A cafe in Tokyo’s Shinjuku Ward has become a place where adults with developmental disabilities can find their own space and share their problems.
Necco Cafe was opened in September 2011 by an organization that helps people with developmental disabilities find jobs and their own place in society.
All of the employees at the cafe have some sort of disability, as do officials of the organization that founded it.
Yoko Kamoya, 43, a waitress there, was diagnosed with attention deficit hyperactivity disorder about 10 years ago.
“I’d been having a difficult time until I found out I suffer from the disorder. Whenever I failed, I thought it was only because I didn’t try hard enough,” said Kamoya, who is also a member of the organization. “If people who come to this cafe have concerns too, I want them to talk to us.”
Mayako Kaneko, the 60-year-old director of the organization, said, “People with developmental disabilities are often criticized about things they aren’t good at, and many have lost their confidence.”
“I hope that each of them discovers his or her strength here while sharing what’s bothering them with their peers,” Kaneko said.
The cafe covers occupies an area of about 50 sq. meters and has about 30 seats. It is open from noon to 6 p.m. and also runs on weekends and during the Bon summer holidays.
Books about developmental disabilities and isolation from society line the shelves of the cafe, where craft workshops, activities for hobbyists and other events and study sessions are held.
Satsuki Ayaya, 39, a specially appointed researcher at the University of Tokyo who has Asperger’s syndrome, a milder form of autism, organizes a meeting twice a month where about 30 people gather and share their problems.
“I didn’t know who I could talk to about my feelings until I came here,” said a male participant in his 40s.
The man said his boss and work colleagues often criticize him for not understanding his situation.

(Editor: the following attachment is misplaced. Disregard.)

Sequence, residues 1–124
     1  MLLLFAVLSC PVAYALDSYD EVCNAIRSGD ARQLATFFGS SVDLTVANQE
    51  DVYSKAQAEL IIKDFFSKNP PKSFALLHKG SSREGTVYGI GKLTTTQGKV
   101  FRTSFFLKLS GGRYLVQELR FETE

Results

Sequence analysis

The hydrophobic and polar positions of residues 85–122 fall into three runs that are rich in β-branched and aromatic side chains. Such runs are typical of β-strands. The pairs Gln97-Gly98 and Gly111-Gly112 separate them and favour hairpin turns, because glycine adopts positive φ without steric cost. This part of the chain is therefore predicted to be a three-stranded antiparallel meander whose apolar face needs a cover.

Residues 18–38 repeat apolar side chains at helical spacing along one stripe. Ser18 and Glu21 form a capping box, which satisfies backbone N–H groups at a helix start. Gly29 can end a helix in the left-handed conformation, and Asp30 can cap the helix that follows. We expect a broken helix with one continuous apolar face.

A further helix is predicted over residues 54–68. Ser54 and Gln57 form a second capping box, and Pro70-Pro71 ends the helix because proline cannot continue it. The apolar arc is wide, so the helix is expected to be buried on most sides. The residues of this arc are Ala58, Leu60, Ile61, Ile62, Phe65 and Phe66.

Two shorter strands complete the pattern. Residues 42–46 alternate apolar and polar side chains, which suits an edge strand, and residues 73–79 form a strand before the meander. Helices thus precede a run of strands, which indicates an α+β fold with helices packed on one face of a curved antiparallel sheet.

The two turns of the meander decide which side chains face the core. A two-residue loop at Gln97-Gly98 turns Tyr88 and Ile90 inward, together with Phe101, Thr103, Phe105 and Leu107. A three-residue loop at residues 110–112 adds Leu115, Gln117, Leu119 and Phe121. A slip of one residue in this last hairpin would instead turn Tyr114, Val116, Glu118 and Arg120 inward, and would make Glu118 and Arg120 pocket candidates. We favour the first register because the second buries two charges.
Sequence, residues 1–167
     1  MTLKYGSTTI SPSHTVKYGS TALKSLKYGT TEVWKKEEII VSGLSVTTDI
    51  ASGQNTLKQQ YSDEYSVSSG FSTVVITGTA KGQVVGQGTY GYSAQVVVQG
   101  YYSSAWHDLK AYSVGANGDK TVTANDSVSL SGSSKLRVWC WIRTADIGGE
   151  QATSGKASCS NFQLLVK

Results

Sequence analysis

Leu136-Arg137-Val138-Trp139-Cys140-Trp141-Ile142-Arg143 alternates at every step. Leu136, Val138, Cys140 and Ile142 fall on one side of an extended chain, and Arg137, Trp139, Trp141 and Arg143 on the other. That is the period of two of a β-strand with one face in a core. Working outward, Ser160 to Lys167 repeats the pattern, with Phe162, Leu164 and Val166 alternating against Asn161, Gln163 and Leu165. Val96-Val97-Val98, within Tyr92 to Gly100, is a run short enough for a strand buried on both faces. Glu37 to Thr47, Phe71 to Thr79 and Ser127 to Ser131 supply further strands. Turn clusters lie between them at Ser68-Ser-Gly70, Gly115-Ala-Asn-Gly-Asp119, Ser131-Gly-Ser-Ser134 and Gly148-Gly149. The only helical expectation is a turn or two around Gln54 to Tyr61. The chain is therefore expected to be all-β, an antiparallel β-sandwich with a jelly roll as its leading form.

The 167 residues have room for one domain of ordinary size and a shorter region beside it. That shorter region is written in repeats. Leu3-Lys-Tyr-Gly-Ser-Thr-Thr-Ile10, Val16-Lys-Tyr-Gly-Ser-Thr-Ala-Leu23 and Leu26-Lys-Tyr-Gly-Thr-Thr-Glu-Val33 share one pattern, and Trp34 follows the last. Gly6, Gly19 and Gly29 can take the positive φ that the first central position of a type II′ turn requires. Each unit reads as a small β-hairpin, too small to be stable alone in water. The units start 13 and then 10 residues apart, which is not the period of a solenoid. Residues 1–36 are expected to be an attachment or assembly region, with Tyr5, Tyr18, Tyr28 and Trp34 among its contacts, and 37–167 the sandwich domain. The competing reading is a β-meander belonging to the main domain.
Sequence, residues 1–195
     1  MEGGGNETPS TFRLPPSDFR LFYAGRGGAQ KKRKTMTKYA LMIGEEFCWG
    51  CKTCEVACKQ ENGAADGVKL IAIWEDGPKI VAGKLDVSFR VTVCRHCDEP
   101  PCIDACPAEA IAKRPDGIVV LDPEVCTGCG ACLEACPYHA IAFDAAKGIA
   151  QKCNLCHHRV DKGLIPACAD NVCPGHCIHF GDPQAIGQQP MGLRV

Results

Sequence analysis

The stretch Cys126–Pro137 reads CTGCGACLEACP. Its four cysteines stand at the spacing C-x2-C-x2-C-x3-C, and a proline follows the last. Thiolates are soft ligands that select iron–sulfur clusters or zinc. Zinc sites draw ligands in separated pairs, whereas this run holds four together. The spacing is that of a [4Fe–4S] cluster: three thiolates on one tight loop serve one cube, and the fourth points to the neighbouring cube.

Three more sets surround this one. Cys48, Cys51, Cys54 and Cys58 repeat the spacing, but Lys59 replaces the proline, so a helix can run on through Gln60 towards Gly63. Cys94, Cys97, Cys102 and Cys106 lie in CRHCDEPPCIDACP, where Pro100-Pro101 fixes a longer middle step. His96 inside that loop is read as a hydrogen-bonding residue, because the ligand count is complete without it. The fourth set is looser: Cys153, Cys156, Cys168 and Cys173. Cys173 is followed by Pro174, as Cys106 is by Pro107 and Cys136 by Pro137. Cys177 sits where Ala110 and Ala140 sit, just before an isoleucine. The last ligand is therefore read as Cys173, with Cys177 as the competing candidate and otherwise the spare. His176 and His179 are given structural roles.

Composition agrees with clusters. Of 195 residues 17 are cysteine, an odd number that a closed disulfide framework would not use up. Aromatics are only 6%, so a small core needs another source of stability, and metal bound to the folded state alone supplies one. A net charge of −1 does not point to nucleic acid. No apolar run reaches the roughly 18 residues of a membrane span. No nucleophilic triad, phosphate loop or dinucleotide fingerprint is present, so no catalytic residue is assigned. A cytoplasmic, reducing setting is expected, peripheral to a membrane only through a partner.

“For those who bear problems by themselves, more places like this are needed,” he said.
Officials of the organization, founded in April 2011, also use the cafe as a base for their activities to let more people with developmental disabilities know about what they are doing.
A social welfare worker who belongs to the organization has launched a magazine about disabilities and is selling copies at the cafe.
Workplace manual afoot
An Osaka-based nonprofit organization that supports people with developmental disabilities has issued a booklet offering helpful tips for firms and organizations to create a better working environment for the disabled.
The Developmental Disorders Adult Advanced Community started distributing the manual to companies to promote a better understanding of the developmentally disabled, who often look no different from anybody else.
According to the DDAC’s Yui Hirono, 41, many people dealing with disabilities or disorders such as Asperger’s syndrome have a hard time preparing documents or managing their duties and time — the basic requirements for employment.
She said, however, that employees with developmental disorders can outshine their nondisabled peers in performing certain tasks, such as project planning, noting that disorders often only impair specific areas.
The organization has been involved mainly in educational activities to provide support for adults with disabilities that include attention deficit hyperactivity disorder, learning disabilities, Asperger’s and pervasive development disorder.
Hirono pointed out that because developmental disorders often impair one’s ability to communicate and interact socially, many people have a hard time adapting to new environments and end up changing jobs frequently.
Hirono said the manual offers ideas for employers to help workers with disabilities manage their work and demonstrate their strengths.
For example, the manual suggests that people with developmental disabilities communicate by email when handling important tasks and ask their supervisors to set priorities for them.
“People with developmental disabilities are able to perform tasks as long as they receive sufficient support,” she said, adding that she hopes companies will better understand such disabilities.
Hiroshi Ishibashi, a 35-year-old construction worker from Sakai in Osaka Prefecture, said he had changed jobs five times before joining his current company.
Despite his good sales record, Ishibashi said he found clerical duties difficult to perform and was often late to work.
While working for one of his former companies he would stay in the office until late at night to finish the work he could not complete during office hours, and he ended up staying overnight at Internet cafes near his workplace, he said.
He quit one company after a colleague threw an eraser at him, blaming him for causing trouble.
After Ishibashi explained his condition to his colleagues at his current company, they pitched in to help him, such as by checking important documents.
“It’s not so easy to gain other workers’ understanding,” Ishibashi said, adding that it is important for him to be aware of what he can and cannot do.
A copy of the manual can be downloaded at consul.piasapo.com/manual.
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